Here in Spain, nativity scenes truly get taken to the next level, often depicting the entire town of Bethlehem on the night of Jesus’s birth. In Barcelona, however, you’ll often see a figure that doesn’t appear in the biblical version of the story: the caganer. This little figurine is of a person dropping their pants and relieving themselves in the middle of Bethlehem. In the past, caganers were nondescript figures representing random villagers, but today anyone in the public eye is fair game. As you browse the stalls at a Christmas market, keep your eyes peeled for these hilarious little figures and see how many celebs you can recognize.
Feast on traditional Catalan delicacies on St. Steven’s Day
Throughout much of Spain, the traditional Christmas meal takes place on nochebuena, or Christmas Eve. That’s not the case in many places in Catalonia. Instead, families gather to enjoy a delicious feast on December 26, which is St. Steven’s Day. Many restaurants in Barcelona are open that day, so stop in and enjoy everything from Catalan canelones to rich, hearty stews.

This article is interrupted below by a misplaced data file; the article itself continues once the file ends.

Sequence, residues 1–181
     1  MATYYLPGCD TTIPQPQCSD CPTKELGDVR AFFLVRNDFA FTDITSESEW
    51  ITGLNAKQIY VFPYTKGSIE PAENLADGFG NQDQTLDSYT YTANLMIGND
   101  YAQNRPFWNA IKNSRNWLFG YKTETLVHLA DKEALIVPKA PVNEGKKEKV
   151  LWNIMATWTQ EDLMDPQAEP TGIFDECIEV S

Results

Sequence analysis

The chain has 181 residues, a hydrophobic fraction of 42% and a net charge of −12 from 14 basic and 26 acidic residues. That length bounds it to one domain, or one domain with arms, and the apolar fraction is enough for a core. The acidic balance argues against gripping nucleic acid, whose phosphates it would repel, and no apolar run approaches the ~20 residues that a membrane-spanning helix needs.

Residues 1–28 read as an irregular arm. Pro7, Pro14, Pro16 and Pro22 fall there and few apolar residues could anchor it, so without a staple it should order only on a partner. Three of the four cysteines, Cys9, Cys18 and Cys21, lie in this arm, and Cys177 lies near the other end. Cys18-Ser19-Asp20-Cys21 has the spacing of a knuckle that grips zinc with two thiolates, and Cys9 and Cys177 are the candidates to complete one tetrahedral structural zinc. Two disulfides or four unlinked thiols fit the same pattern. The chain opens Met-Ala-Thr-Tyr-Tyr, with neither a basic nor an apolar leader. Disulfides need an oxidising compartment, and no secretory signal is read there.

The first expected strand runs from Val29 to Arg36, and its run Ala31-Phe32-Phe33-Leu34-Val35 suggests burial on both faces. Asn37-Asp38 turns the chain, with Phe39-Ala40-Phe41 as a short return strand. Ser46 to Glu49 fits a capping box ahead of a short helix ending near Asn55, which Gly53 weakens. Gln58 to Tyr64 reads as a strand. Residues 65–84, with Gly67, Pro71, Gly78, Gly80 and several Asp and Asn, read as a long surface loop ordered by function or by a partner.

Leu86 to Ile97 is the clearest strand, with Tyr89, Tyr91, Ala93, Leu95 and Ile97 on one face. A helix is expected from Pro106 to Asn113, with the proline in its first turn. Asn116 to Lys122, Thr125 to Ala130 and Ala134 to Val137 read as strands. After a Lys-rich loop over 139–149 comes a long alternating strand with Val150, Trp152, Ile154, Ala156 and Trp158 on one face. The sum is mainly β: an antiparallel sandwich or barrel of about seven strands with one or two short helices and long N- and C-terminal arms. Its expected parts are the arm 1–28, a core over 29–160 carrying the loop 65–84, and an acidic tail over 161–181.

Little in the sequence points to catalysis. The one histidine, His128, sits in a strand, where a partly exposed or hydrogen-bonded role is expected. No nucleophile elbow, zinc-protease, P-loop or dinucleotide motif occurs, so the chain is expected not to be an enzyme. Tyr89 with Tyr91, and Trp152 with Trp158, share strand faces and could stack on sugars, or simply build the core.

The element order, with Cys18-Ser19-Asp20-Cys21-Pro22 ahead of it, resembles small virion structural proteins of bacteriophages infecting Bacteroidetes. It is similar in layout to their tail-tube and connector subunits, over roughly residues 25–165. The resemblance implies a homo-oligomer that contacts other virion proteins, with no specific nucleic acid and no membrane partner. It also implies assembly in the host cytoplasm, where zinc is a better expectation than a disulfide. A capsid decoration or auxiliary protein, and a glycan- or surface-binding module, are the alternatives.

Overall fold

Holiday shopping in Barcelona
It’s no secret that Barcelona is suffering from an overtourism problem, and part of that has to do with the fact that many visitors don’t ensure that their money goes back into the local economy. Be a responsible visitor and stop into a local artisanal shop, like OMG BCN. Everything in the store—from the stylish clothing and accessories to the adorable stationery—was created by local designers!
The passion of Andalusia and the magic of the holiday season make Seville one of Spain’s most gorgeous destinations this winter.
Check out the Feria del Belén
An entire Christmas market dedicated to nothing but nativity scene figures? Only in Seville! The Feria del Belén takes over Avenida de la Constitución every year starting in mid-November and lasting until just before Christmas. Browse the handmade figurines at the stalls and you’ll find hundreds of unique additions to your nativity scene that you never knew you needed.